Let's be alcoholics, like in the movies!

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The Independent Online
King Street, Cambridge. Two-thirty in the afternoon. Two girls and a boy, sixth-formers maybe, undergraduates maybe. One of the girls, hardly able to stand, wriggles and paws the boy in a drunken parody of seduction. The boy, drunk too, I'd say, but still upright, rolls away from her flailing hands but keeps his eyes on her hiked-up skirt and her twisted blouse. The second girl is sober, concerned, seems to be waiting meekly for the staggering temptress to collapse so that she can drag her away. She must have been bored out of her wits by this grotesque little scene, but she seemed ready to stay for all the time it was likely to take.

Why are the undrunk so tolerant of the drunk? How many times have you seen the sober struggling to get the drunk indoors and out of harm's way, giving up hours to cushion this kind of drug abuser from the consequences of his/her own actions?

All other substances that are capable of altering behaviour and personality as radically as alcohol does are demonised, even when the altered behaviour is social rather than anti-social. Ecstasy is touted nowadays as a dangerous drug, when the deaths resulting from its use are less numerous than those caused by peanut allergy. Alcohol, which is an addictive and dangerous drug that inflicts a vast toll upon the family, industry, the health service and law enforcement, is exempt. What is more, young people are systematically inducted into alcohol dependency with the approval of those who claim to have their interests at heart.

From the day a student arrives at university, that student will be taught to drink. The breweries and distilleries provide college bars with alcohol of all kinds at reduced rates, just so that students will learn to drink. The rationale is that they will learn how to drink. The truth is that they will learn that alcohol is an essential adjunct to any social interaction.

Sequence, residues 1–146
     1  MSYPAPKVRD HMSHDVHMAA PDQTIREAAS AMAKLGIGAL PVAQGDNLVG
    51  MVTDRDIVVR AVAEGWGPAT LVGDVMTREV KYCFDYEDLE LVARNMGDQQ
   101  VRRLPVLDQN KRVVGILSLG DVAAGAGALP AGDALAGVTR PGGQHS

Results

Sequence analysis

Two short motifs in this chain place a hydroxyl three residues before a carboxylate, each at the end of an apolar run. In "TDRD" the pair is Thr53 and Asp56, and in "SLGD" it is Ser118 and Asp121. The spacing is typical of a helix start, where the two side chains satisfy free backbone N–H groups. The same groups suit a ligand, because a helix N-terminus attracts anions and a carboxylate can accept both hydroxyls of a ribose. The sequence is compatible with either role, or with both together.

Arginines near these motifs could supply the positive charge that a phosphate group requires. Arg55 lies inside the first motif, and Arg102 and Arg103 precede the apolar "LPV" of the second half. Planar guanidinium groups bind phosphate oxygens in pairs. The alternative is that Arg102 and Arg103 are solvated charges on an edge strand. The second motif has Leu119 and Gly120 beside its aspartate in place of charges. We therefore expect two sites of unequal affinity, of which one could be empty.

Some of them have already begun drinking to excess. When I lecture at sixth-form conferences and pop into a neighbouring pub for a beer and a sandwich, I find the bar surrounded four or five deep by sixth-formers, ordering double vodkas with orange squash. How they can have the money to indulge such expensive if revolting tastes is one question that parents might ask themselves. I have never seen a barman ask a single one of these kids for ID. The marketing of fruit squashes heavily laced with alcohol to an even younger age group was clearly based on good research.

Liquor firms have a responsibility to their shareholders to increase their markets and sales at every available opportunity, and in this they are given every assistance. Gone are the days, I hope, when hotel guests retiring to bed would find a miniature bottle of brandy on the pillow, for which they had unwittingly paid in the bill for the room. At May balls in Cambridge colleges the cost of a hard-liquor bar is included in the exorbitant price of the ticket. There is no need for any such thing; if tipsiness is the aim, champagne is more than enough. The fact that 19-year-olds can drink as much Southern Comfort as they think they want adds nothing to the quality of the experience.